Sonnox Oxford Transient Modulator
Sonnox Oxford Transient Modulator

Oxford Transient Modulator, Software transient shaper from Sonnox.

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tarrtime 17/12/2012

Sonnox Oxford Transient Modulator: Produktbewertung von tarrtime (content in English)

"Make your drums snap"

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The Sonnox Oxford TransMod is a software plug-in to be used inside a DAW. It can be downloaded off the Sonnox website for installation, and authorized using an iLok.
The purpose of this effect is to change the shape of a transient in a signal. It can be used to make the initial 'attack' of a sound to be louder or quieter.


The Oxford TransMod is very flexible. The 'ratio' control is the basic way to increase or decrease the attack of the signal. The 'overshoot', 'threshold', 'rise-time', etc. control the timing of the effect. The 'Overdrive' is a unique control to add some saturation to the attack of a signal, adding extra snap or 'weight' to a transient.
I find that transient shapers are most useful for drums, and don't really use them on other instruments. If you find that your drum tracks don't really 'punch' in your mix, then you should consider the TransMod. Typically I like to add a subtle increase in the 'attack' of drums by using this effect on a drum bus. Sometimes I will use it on an individual kick drum track to decrease the sustain. Sometimes I will use it on a snare track to increase the sustain. A little can really go a long way.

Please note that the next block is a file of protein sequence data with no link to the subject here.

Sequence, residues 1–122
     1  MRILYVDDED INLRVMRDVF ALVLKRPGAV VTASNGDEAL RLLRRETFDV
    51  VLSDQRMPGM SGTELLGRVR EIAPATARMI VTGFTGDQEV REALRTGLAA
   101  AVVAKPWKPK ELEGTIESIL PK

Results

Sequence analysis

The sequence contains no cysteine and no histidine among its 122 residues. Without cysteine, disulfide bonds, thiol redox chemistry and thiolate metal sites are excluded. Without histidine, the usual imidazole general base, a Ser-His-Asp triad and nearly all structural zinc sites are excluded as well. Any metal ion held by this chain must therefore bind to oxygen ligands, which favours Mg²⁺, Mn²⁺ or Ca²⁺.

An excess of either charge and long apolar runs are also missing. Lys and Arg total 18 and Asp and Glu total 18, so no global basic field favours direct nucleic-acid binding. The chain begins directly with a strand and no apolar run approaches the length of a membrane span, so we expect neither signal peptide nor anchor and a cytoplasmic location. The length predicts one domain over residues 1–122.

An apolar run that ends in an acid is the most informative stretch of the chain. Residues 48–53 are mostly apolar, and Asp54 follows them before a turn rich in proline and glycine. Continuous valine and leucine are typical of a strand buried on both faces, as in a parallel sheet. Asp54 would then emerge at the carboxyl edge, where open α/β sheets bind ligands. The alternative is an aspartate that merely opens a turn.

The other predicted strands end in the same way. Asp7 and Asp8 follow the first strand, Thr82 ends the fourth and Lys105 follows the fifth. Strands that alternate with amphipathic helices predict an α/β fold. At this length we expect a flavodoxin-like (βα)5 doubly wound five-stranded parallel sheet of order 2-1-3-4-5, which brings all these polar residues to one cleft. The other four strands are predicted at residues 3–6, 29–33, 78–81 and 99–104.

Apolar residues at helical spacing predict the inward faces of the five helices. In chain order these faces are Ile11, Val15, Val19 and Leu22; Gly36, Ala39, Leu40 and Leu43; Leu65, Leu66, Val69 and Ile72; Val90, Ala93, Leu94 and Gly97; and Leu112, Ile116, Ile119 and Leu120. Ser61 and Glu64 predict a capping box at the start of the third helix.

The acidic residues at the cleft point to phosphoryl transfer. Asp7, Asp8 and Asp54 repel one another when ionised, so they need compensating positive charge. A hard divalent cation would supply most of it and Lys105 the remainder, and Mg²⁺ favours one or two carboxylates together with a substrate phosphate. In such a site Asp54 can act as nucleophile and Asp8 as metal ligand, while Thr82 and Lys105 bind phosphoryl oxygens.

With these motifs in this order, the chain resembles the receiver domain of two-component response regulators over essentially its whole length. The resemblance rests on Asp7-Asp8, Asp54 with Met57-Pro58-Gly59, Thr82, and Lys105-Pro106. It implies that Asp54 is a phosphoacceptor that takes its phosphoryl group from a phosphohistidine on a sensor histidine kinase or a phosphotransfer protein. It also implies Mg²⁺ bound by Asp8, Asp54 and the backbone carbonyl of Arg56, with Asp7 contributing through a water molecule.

There are many different 'transient shapers/designers' available (SPL, Native Instruments, etc). The Oxford TransMod has much more flexibility by making the length of time of the transient something that can be controlled. Most other effects of this type offer simple 'attack' and 'sustain' knobs without the ability to control the timing. The TransMod is intuitively useful for increasing the 'attack' of a signal, but can also increase the 'sustain' of a signal if you decrease the attack volume and bring up the volume of the signal. I don't really like this method because when I usually want to bring out the sustain of a signal (like the ringing of a snare drum), I don't usually want to decrease the attack. Therefore, when I want to shape the 'sustain', I usually use one of the other aforementioned plug-ins instead.